From Linda Woodhead:
Who could have imagined that a court in Cologne would, this year, rule the ancient and sacred practice of male circumcision illegal, or that the previous year the European court of human rights (ECHR) wouldoverturn its earlier ruling that crucifixes should not be displayed in state schools? The see-sawing nature of such judgments about religious freedom suggests something is going seriously wrong in the way the whole issue is being approached.
American commentators think they know what it is – the chickens of European secularism are coming home to roost. Marginalise religion, install secular elites and what do you get? A new secular intolerance to match Europe’s old religious intolerance. Bans on headscarves and minarets strike Americans as egregious. Such things could never happen in the US, with its more robust tradition of respect for religious freedom.
Martha Nussbaum is the doyenne of this approach. Free exercise of religion is essential, she argues, because a person’s religion is essential to their identity. To deny someone the right to live by their conscience is what the 17th-century pioneer of religious freedom Roger Williams called “soule rape”. The only possible reason for restricting religious freedom is when it violates civil law or harms others.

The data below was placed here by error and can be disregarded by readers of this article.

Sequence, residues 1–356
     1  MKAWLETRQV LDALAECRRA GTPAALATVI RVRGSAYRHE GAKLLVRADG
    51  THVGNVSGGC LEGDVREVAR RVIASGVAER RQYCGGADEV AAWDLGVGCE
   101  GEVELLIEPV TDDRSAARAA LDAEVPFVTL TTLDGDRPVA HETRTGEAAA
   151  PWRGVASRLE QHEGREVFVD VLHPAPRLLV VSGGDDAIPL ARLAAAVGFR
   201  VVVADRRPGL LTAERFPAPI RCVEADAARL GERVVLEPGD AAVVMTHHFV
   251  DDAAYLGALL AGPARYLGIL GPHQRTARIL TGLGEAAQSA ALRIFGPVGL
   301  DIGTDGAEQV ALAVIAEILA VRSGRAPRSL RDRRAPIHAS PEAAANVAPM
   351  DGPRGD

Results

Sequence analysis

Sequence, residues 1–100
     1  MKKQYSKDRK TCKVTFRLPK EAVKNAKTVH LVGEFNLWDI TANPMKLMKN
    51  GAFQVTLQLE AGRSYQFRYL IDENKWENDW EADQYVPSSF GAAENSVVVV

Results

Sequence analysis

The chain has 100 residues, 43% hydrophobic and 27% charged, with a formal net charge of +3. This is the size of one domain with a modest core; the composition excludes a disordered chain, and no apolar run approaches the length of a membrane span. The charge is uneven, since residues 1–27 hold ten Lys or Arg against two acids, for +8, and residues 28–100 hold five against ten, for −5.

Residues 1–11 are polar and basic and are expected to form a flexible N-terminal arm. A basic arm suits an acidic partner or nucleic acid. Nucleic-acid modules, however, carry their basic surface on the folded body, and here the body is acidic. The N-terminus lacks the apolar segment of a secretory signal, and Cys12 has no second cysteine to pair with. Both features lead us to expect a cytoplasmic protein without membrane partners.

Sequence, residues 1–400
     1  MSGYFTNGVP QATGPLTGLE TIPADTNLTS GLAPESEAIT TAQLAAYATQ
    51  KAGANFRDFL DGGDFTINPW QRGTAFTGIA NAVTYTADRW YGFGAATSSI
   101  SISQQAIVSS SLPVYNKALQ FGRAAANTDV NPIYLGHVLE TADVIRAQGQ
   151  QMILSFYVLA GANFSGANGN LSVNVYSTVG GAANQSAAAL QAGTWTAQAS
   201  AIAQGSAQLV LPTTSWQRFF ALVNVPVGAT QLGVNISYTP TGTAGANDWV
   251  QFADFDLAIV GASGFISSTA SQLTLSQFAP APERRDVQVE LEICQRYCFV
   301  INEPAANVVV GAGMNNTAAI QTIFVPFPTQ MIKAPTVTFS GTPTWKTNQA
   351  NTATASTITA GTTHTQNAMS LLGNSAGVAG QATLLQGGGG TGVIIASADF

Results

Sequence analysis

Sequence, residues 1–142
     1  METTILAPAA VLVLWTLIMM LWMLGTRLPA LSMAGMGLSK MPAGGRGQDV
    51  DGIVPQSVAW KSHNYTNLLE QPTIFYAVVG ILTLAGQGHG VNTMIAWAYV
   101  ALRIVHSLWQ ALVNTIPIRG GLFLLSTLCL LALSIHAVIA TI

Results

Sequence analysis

This libertarian approach contrasts starkly with the secularist approach more common in Europe, according to which individuals should be free to express their religion in the privacy of their own homes, churches or temples – but not in public. Hence the restrictions in some countries on the display of religious symbols in public places – whether burqas on the streets of France or minarets on the skyline of Switzerland. Some leading political thinkers, including Jürgen Habermas before he revised his view, would even restrict the use of religious reasons in political debate, arguing that only “universal” secular reason is appropriate in public….When they take their approaches to their logical conclusion, then, both the libertarian and secularist positions go too far. One pushes individual liberty, and sometimes group autonomy, so hard that it denies state and society any space at all. The other pushes state and society so hard that it denies any space for individual liberty or group self-determination. In that sense, they are mirror opposites. But in another way they both make the same mistake, for they are equally careless of democracy. Libertarians deny the legitimate claims of democratic decision-making, while secularists forget that democracies include religious people as well as secular ones, and that genuine democracy tries to balance competing interests rather than impose a single norm.
So the libertarians are surely right that you can have exceptions without the sky falling in. But they forget that submitting yourself to the democratic will when you don’t agree can be a matter of humility, as well as humiliation.